And, really, the number’s beside the point. You can walk around at six-foot-two, 235 pounds with a muscular body composition and be a strong athlete. Or you can walk around at six-foot-two, 235 pounds with a body fat percentage over 30 and struggle to compete. What matters is your proportion of muscle to fat, your mobility, and your capacity to withstand the stresses of 162 games in 186 days. There is no one ideal body weight for every person, every athlete, or every ballplayer.

But it’s safe to say Guerrero’s is well below what he turned up weighing in Dunedin, Fla. this spring. And just when Guerrero turns up next season will be another factor the club is heavily invested in over the coming months. If Guerrero’s plan is to better condition himself, the best environment for that to occur is undoubtedly at the Blue Jays facility where he has access to all of the club’s resources — strength coaches, nutritionists, physical therapists, etc. — that can help him achieve that goal.

Of course, Guerrero’s from the Dominican Republic and it would be unreasonable for the Blue Jays to suggest he not spend substantial time at home with his family, including his two daughters. But it does sound like Guerrero will be spending much more time in Dunedin this off-season than he did last.

"The more time he’s with us, the better. We’re working towards that. He’s committed to that," Atkins said. "And really, we’re not working towards it. It’s going to occur. He’s going to spend significant time with us."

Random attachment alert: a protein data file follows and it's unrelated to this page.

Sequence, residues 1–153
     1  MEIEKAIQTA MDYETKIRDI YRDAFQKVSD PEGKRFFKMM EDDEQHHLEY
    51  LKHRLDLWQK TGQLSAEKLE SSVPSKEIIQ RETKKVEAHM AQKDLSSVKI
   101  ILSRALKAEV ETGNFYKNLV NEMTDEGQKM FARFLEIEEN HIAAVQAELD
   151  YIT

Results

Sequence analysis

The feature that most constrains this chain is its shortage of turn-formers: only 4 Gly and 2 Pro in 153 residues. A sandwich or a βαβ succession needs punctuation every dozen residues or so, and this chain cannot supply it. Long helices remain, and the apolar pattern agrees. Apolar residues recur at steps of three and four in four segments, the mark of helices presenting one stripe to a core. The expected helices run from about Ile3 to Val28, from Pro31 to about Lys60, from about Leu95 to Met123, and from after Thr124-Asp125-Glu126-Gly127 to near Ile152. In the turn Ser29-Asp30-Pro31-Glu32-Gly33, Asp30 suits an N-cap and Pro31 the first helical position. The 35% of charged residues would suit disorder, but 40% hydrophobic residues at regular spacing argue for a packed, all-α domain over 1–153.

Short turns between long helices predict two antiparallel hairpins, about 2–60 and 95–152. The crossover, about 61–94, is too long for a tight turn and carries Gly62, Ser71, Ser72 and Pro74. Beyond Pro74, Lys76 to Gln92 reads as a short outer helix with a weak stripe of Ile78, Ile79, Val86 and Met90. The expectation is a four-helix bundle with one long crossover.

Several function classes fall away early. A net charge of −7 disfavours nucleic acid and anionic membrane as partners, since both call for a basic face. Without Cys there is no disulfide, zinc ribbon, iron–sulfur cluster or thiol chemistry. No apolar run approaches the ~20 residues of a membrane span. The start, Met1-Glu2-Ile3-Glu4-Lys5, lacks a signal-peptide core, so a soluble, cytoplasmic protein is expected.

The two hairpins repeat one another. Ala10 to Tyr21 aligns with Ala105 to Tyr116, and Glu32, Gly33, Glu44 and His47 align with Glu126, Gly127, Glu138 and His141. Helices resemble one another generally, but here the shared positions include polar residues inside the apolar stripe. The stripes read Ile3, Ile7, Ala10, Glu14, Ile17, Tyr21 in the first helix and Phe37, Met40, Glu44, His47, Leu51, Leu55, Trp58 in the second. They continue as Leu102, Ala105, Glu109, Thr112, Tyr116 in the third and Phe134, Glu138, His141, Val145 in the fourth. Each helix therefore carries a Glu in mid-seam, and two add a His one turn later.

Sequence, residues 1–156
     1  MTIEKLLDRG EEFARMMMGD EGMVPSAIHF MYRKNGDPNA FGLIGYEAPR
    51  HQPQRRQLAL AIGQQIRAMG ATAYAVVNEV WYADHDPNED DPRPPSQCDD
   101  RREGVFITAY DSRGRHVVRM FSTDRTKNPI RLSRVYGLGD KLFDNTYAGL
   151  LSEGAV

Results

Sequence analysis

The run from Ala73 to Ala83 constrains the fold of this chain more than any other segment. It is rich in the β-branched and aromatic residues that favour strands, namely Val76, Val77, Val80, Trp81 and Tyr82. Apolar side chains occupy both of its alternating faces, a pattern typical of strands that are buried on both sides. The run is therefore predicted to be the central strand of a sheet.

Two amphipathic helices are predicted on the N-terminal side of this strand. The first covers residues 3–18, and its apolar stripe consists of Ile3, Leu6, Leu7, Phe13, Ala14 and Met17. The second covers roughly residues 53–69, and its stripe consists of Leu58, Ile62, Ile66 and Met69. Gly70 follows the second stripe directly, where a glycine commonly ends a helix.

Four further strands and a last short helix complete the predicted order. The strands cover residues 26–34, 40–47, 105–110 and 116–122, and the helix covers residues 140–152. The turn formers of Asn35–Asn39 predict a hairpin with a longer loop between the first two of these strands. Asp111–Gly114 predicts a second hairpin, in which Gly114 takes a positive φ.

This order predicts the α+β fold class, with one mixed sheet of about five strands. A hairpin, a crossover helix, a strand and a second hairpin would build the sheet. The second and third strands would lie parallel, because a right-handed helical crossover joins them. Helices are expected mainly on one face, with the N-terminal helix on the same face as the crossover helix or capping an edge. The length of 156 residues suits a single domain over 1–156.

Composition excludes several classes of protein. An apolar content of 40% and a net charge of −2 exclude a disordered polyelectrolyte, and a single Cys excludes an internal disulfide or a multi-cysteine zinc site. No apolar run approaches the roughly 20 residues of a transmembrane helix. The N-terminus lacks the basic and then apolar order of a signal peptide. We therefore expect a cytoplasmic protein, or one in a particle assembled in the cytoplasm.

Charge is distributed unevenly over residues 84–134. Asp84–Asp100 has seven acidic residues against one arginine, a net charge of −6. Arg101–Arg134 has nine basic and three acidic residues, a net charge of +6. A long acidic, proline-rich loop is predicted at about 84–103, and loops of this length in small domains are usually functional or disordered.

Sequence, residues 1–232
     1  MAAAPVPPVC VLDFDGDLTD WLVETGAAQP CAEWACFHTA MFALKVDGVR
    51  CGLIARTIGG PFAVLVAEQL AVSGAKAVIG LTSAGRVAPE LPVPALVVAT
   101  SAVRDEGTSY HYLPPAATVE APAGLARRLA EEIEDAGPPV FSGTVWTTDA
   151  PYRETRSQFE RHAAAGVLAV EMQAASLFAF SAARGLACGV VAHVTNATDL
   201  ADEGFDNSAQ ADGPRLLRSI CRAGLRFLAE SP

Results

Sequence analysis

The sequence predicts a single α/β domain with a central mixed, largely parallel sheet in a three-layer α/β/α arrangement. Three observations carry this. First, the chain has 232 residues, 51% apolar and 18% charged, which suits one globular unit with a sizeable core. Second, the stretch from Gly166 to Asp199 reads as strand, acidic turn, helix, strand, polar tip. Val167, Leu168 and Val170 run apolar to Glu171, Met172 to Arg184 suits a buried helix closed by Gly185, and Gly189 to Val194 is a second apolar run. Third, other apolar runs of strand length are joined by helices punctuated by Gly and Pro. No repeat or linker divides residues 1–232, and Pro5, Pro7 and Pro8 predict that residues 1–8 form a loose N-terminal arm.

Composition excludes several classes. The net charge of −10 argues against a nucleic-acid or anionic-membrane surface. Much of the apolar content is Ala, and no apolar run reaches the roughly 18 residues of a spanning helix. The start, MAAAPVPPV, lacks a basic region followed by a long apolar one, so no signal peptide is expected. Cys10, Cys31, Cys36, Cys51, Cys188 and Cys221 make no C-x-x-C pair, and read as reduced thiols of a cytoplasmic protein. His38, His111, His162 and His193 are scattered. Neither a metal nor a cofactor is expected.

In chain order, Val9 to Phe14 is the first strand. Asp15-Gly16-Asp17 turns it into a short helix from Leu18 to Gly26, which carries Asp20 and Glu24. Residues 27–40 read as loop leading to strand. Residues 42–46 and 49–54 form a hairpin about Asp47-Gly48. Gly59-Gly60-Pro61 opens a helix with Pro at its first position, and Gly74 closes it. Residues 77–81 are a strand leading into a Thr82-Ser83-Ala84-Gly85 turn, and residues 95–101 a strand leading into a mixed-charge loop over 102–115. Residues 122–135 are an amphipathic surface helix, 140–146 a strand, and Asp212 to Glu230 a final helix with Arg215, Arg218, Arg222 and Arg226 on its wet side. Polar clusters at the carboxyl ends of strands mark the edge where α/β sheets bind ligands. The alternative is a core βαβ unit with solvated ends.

It certainly helps that Guerrero’s on board with the plan coming off a season when many of his offensive statistics — particular his power numbers — weren’t only initially below the standard he’d set for himself as a minor-leaguer, but declined as the year wore on.

After hitting six home runs in May, he left the yard only nine times over the remainder of the season, going his final 27 games without one. Three of the eight hardest-hit balls across MLB in 2019 came off his bat, and five of the hardest 24. But for a player with such preternatural ability for barrelling the ball, his average exit velocity (89.4-m.p.h.) and hard-hit rate (38.4 per cent) were underwhelming, falling right around league average.

His season was not an unlucky one, as his expected statistics on batted balls all fell below his actual results, suggesting he experienced favourable results for his quality of contact. And he demonstrated a concerning tendency — in today’s era of frequent infield shifts — for putting the ball on the ground, posting a 49.6 per cent groundball rate, nearly seven points higher than the league average.

As the season wore on, fatigue and frustration clearly set in. Guerrero expanded the zone more often than he had in the minors, leading to a 30 per cent chase rate on the season. His playing time was also intermittently interrupted by scheduled days off, which were a direct response to his conditioning. By contrast, Bo Bichette, a 21-year-old rookie, didn’t miss a game from the time he was called up in July until his season ended due to a concussion two months later.